Stick Up for the Paws: K9 Demonstration
by the Eagle Staff
With eager anticipation, the Lawrence County CTC was abuzz with excitement; today was the annual Stick Up for the Paws K9 Assembly!
The student body began the afternoon with a dodge ball tournament hosted by the LCCTC Peer Leaders, but once the championship was over, there was more excitement to come: It was time for the annual K9 demonstration.
Students first heard about the K9 program. “A dog and handler are the ultimate team. We train together; we bond,” states Officer Covert from the New Castle K9 Unit. Dogs form a relationship with their handlers and families. The dogs stay in the homes with their handler to create a bond beyond a partnership.
Officer Covert’s partner, “Aldo” is a German Shepherd from the Czech Republic. Aldo’s training consisted of obedience, tracking, criminal apprehension, crowd control, and more!
Yet another one of Aldo’s specialties includes narcotics detection. Officer Covert states, “With a sense of smell 700x stronger than that of a human, a trained K9 can be a vital part of the police force.” Able to detect illegal substances in any form including pill, liquid, or vapor, these dogs can be quite aggressive when they detect a drug. “It gives us reasonable cause to search,” Covert tells the assembly, “and that is a fact that can stand up in court!”
Officer Preisel assisted with the narcotics demonstration in front of the student body by hiding a vape inside of an envelope inside of a box. With his handler, Aldo passed by boxes one and two, but when he hit on box three, he began to paw and bite at the box indicating that there was an illegal substance inside. Aldo’s reward? His favorite rope tug!
“A dog can be pretty persuasive,” chuckled Sergeant McBride from the Ellwood City K9 Unit. That’s just one of the benefits of having a K9 to support the police department. The other: You can take your dog to work with you every day!
Dogs can tell the difference from one skin cell to the next. “I can toss a quarter into the grass,” McBride proudly touts, “and my partner, Ranger, can find it because of the human contact it encountered!”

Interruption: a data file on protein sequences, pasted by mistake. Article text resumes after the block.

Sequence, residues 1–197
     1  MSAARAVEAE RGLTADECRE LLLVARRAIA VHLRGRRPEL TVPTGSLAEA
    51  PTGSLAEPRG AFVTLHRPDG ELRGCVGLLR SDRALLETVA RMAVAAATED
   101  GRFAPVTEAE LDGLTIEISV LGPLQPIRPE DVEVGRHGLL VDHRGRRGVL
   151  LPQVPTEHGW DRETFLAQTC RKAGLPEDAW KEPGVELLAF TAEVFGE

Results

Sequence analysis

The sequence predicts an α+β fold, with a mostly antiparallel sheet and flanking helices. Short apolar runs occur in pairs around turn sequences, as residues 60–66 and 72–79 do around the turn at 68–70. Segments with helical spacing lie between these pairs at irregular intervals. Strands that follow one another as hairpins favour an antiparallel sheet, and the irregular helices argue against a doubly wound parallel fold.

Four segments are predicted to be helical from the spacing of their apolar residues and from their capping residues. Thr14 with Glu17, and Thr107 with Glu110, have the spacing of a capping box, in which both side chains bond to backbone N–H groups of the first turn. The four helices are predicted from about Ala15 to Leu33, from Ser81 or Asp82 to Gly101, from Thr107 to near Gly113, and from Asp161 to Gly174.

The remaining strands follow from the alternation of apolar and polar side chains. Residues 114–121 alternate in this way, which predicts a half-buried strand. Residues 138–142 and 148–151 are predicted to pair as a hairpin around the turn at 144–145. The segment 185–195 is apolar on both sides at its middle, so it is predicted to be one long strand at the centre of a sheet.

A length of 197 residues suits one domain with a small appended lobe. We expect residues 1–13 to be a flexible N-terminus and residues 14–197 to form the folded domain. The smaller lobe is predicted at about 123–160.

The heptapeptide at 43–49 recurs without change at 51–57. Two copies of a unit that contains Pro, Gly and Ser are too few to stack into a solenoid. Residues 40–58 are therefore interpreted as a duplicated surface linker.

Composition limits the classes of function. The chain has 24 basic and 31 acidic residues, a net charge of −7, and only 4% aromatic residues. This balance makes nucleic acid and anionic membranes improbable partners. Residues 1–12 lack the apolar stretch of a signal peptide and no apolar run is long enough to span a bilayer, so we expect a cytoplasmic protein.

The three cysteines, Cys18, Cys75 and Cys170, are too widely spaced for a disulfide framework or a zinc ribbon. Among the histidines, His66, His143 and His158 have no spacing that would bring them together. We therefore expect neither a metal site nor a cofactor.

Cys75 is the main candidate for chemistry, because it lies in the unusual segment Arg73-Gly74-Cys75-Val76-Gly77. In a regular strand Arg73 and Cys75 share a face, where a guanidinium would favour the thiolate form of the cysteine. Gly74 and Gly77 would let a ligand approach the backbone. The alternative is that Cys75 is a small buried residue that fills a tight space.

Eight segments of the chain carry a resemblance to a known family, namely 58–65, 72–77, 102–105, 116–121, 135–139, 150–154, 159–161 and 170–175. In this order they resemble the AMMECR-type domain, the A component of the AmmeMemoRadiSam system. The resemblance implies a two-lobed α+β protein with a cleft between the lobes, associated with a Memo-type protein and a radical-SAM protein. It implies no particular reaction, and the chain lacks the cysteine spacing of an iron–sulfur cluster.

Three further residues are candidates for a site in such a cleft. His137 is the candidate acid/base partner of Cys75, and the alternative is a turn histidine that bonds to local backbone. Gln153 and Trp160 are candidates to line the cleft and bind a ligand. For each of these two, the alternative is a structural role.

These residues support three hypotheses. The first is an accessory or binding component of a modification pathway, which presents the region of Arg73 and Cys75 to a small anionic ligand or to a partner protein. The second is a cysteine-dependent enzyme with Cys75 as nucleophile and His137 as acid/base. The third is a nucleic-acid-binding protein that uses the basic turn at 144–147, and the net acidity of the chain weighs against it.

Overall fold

Ranger may have a sweet face, but he is a force to be reckoned with; Officer Preisel helped with this demonstration as well. Acting as the “bad guy,” Preisel slipped on the protective sleeve and braced for Ranger’s impact. Ranger scooted across the floor and latched on to his target; obedient above all else, when Sergeant McBride gave the command, Ranger let go and backed away. Ranger’s prize: the sleeve — but be sure he kept a good, solid eye on the “perpetrator” during the pat-down. As soon as Preisel moved to “escape,” Ranger was ready to step in to do his job and protect his human.
Officer Preisel didn’t steal all of the fun; at the end of the assembly, three of our own were willing to be part of the demonstration. Much to the delight of the crowd, Mr. Rich invited the students to exercise their votes for Aldo to “take a bite out of a teacher!” Mr. Orelli and Mr. Ovial received a few polite cheers, but the winner of the “Bite the Teacher” vote was Phys-Ed teacher, Mr. Simon, with an enthusiastic roar! All watched as Preisel coached Simon prior to the attack. As Aldo barked in agitated excitement, you could almost see the beads of nervous sweat form on Simon’s brow. Finally, with a quick command from Officer Covert, Aldo thundered across the gym floor. He accosted his target and latched on for the next few moments. With a quick command, Aldo obediently released and backed down.
Let’s just say that it’s quite likely that Preisel and Simon might be a little sore tomorrow.
Having K9 departments take plenty of commitment with training. For a solid three-months, the canine and handler train together. After that, there is additional training — at the very least, one time a month but often, more.
K9 partnerships can be costly, as well. Lawrence County police departments have benefited from the generosity of the Ben Roethlisberger Foundation, but additional funds help continue these vital K9 programs, as well.
LCCTC is proud to present the Lawrence County K-9 Units with a monetary gift. In all, proceeds from the Stick Up for the Paws Dodgeball Tournament sponsored by Peer Leadership brought in $100. Our Vet Assistance shop raised $600 from Dog Days Grooming as they groomed almost one hundred fur babies from staff, students and community members. An additional $100 was raised in a collection during the Stick Up for the Paws assembly.
LCCTC would like to thank the Lawrence County Police Departments — especially the K9 units — for all they do to keep us safe! We hope to continue to make this an annual event, including even more departments in the county!